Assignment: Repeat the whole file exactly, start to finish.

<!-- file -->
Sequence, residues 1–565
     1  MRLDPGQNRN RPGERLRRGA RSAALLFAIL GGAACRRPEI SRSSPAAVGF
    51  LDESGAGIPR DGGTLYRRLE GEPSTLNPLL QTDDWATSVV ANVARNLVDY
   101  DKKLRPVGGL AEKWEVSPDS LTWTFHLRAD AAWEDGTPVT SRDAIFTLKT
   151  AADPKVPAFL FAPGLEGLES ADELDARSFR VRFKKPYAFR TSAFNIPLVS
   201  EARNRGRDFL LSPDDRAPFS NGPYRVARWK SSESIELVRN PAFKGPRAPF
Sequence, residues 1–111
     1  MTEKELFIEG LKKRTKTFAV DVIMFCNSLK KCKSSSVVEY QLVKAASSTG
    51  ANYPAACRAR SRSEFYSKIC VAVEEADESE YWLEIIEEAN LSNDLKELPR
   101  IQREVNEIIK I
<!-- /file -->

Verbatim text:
Sequence, residues 1–565
     1  MRLDPGQNRN RPGERLRRGA RSAALLFAIL GGAACRRPEI SRSSPAAVGF
    51  LDESGAGIPR DGGTLYRRLE GEPSTLNPLL QTDDWATSVV ANVARNLVDY
   101  DKKLRPVGGL AEKWEVSPDS LTWTFHLRAD AAWEDGTPVT SRDAIFTLKT
   151  AADPKVPAFL FAPGLEGLES ADELDARSFR VRFKKPYAFR TSAFNIPLVS
   201  EARNRGRDFL LSPDDRAPFS NGPYRVARWK SSESIELVRN PAFKGPRAPF
Sequence, residues 1–111
     1  MTEKELFIEG LKKRTKTFAV DVIMFCNSLK KCKSSSVVEY QLVKAASSTG
    51  ANYPAACRAR SRSEFYSKIC VAVEEADESE YWLEIIEEAN LSNDLKELPR
   101  IQREVNEIIK I